A Volatility Trade In Gold
by David S. Landry, CTA
Large moves often follow low-volatility environments. Here's one method of combining volatility indicators and pattern recognition along with trend-following methods to capture a breakout in the 1997 gold futures market.
A simple review of a market chart will illustrate that markets trade in periods of lackluster sideways price action and then abruptly adjust to new conditions by trending to another price level. The goal of many traders is to trade these short-term trends profitably. Technical analysis can aid you in identifying potential trades based on the concept of the market moving from trading ranges to trends.
To demonstrate, I will walk you through a trade in the gold market based on a set of technical indicators. First, let me define the formulas I used for my analysis. Having set up my indicators, let us walk through the steps for making a trade. The first step is tracking volatility. To measure volatility, I used four-, six- and 10-day historical volatility indicators inspired by the volatility work of Larry Connors. I added two additional indicators to the historical volatility indicators. I ran an average of the three by adding each of the four-, six- and 10-day historical indicators together, dividing by 3, then calculating a 12-day exponential moving average (EMA) of that result.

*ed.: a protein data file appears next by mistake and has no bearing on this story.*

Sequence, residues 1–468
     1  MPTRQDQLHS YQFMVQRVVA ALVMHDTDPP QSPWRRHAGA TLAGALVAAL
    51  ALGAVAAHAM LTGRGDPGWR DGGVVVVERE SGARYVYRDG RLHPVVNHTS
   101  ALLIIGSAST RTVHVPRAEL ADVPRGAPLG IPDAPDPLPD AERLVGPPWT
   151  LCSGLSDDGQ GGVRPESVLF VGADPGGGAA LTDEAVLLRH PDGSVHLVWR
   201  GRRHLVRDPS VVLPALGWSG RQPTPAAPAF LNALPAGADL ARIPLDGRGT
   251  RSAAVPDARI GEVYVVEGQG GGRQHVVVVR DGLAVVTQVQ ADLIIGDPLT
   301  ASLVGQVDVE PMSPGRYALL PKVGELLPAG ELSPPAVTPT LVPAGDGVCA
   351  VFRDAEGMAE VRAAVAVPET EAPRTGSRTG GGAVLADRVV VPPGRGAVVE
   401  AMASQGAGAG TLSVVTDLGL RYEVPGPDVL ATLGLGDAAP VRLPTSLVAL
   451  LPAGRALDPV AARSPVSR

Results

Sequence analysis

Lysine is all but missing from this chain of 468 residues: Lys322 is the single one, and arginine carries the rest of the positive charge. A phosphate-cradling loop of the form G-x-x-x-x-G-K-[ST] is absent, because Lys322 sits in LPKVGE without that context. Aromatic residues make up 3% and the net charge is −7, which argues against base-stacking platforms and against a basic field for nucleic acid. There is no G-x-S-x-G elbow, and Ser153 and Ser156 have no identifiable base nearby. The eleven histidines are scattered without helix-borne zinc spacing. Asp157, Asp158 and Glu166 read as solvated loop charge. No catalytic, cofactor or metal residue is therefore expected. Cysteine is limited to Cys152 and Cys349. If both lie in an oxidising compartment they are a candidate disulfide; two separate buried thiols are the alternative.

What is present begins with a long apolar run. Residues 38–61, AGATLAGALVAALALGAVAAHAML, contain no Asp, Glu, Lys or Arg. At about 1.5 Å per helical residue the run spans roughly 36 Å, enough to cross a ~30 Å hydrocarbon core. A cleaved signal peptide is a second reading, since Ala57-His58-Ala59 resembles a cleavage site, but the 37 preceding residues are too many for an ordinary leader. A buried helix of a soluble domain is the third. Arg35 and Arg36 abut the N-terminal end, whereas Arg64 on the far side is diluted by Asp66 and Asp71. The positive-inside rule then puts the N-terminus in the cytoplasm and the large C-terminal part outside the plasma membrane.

A word of caution. Be careful when developing a derivative (in this case, averaging the three historical volatility readings) and then taking the moving average of that derivative. You may have created a more complex indicator that only introduces additional lag compared with the original indicator. Any time I start deriving formulas from formulas, I use them as supportive indicators and not as primary trading indicators.
FIGURE 1: COMEX GOLD. On April 11, 1997, note how low volatility readings are. The blue, green and magenta lines represent the four-, six- and 10-day historical volatility readings, respectively. The dotted purple is the one-day average of the three indicators and the solid purple line is a 12-day exponential average of the one-day average.
David S. Landry is a Commodity Trading Advisor and president of Sentive Trading. He has a master's in business administration and an undergraduate degree in computer science.
Excerpted from an article originally published in the July 1998 issue of Technical Analysis of STOCKS & COMMODITIES magazine. All rights reserved. © Copyright 1998, Technical Analysis, Inc.